The castle is located in the southern Chianti Classico countryside and has been there for over ten centuries, and owned by the Ricasoli family since 1141.
Like any good castle, it has strong defences, and I was looking for a moat and drawbridge, but it looks like the moat has become a lawn.
The very high walls in places no doubt were built to keep the enemy out
The castle has been destroyed and rebuilt many times over the last 900 years. It was part of the Florentine defences, and withstood, and succumbed to many battles with Siena, which is only 20 km away. More recently, it still bears the scars of artillery fire and bombing in WW2.
The room at the top of this tower would have an excellent view of the countryside.
Here you can see the old and the new, the red brick part of the rebuilding in the 1800’s in the style of an English Manor
We did not get to see where that archway led.
Nor what was behind door number one at the top of these stairs. Rest assured, many, many years ago someone wearing armour would have made the climb. It would not pass current occupational health and safety these days with a number of stairs before a landing.
Cappella di San Jacopo. Its foundations were laid in 1348.
Renovated in 1867-1869, it has a gabled façade preceded by a double stone staircase. The interior, with a crypt where the members of the Ricasoli family are buried, has a nave divided into three spans with cross vaults.
The 1,200 hectares of the property include 240 hectares of vineyards and 26 of olive groves, in the commune of Gaiole.
Who hasn’t been on one of these, particularly if you have an older brother or sister, and they have nothing better to do than give you a hard time.
You know what I mean, going on a mission to find or do something, knowing full well that you won’t find it, or complete it because it was a lost cause to start with.
Yes, it goes very well with another saying, a dog chasing its tail.
We’ve seen that, too, watching the poor dog go round and round without ever achieving anything.
Sounds like my day today.
And it doesn’t stop there, the pointless search could also be described as ‘searching for a needle in a haystack’.
That is, to my mind the very definition of a living nightmare.
The origin of the idiom, well that’s a little more complicated because there isn’t just one definition.
Coined by William Shakespeare, but not necessarily in the sort of language we can read easily – it’s a bit like my ability to translate Spanish to English. It does, however, refer to a ‘wild goose chase’.
Refers to, of all things 16th Century horseracing, and because I don’t have a time machine I can’t go back to fact-check. However, it refers to the other riders following the leader around the course, in much the same formation as geese flying through the air.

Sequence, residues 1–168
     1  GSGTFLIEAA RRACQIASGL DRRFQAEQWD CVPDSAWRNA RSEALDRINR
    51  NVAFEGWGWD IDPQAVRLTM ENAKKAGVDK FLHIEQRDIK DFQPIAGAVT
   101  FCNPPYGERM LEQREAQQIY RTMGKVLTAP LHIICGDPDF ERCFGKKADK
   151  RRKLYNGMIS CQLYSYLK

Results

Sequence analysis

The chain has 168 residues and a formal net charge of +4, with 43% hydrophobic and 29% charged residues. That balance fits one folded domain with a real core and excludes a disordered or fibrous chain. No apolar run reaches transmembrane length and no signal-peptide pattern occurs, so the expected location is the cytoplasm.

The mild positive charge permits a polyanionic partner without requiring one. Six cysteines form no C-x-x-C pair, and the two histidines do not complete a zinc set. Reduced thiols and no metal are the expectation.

My little story to go with it:
If you are good at your job, and that is beginning to be noticed, your boss will find one of these ‘wild goose chases’ just for you, in an effort to make you look bad.
It happened to me once: my task was to search the basement, where old records were stored, for a folder that a former employee had thought they had filed it in the wrong storage box, a supposition supported by the fact the folder was now needed to clear up a clerical error and the file wasn’t in the specifically marked storage box.
My job was to search every one of the other 765 boxes stored haphazardly in the basement until I found it.
It was, I was told later, sitting on his desk the whole time, and when I couldn’t find it, was going to swoop in and say he’d found it.
Of course, it went missing before he could, so he got a bollicking for not storing the files properly, and I got the job to clean up the basement. I’m not sure who got the worst punishment.
I’m back home and this story has been sitting on a back burner for a few months, waiting for some more to be written.
The trouble is, there are also other stories to write, and I’m not very good at prioritising.
But, here we are, a few minutes opened up and it didn’t take long to get back into the groove.
Am I working for anyone now?
So, there I was, walking along the street, hands in pockets, trying to look like my whole world hadn’t come crashing down on me when a car pulled over to the side of the road.
I may have been down in the dumps but not that far that I wasn’t still aware of what was going on around me, the training had been that good, so I hung back a little from the curb and waited to see if was me they were after, or just some lucky rich person being dropped off.
And ready to disappear into the crowd, not that there was one, but there were three exits available and within momentary reach if necessary.
I watched the rear window go down slowly then saw a familiar face.
“Get in Mr Jackson. We have more to talk about.”
I hesitated like anyone with the training I had would, as any person with common sense would too, I guess.
“It’s perfectly safe, I assure you.” He sounded reassuring.
A glance into the car showed only him and the driver, who was getting out of the car. I watched him come around to the curbside and put his hand on the door handle.
“Sir,” he said.
He opened the door. Nobbin had moved to the other side.
I shrugged, then got in. A thought: how many people had got into cars such as this, and were never seen again?”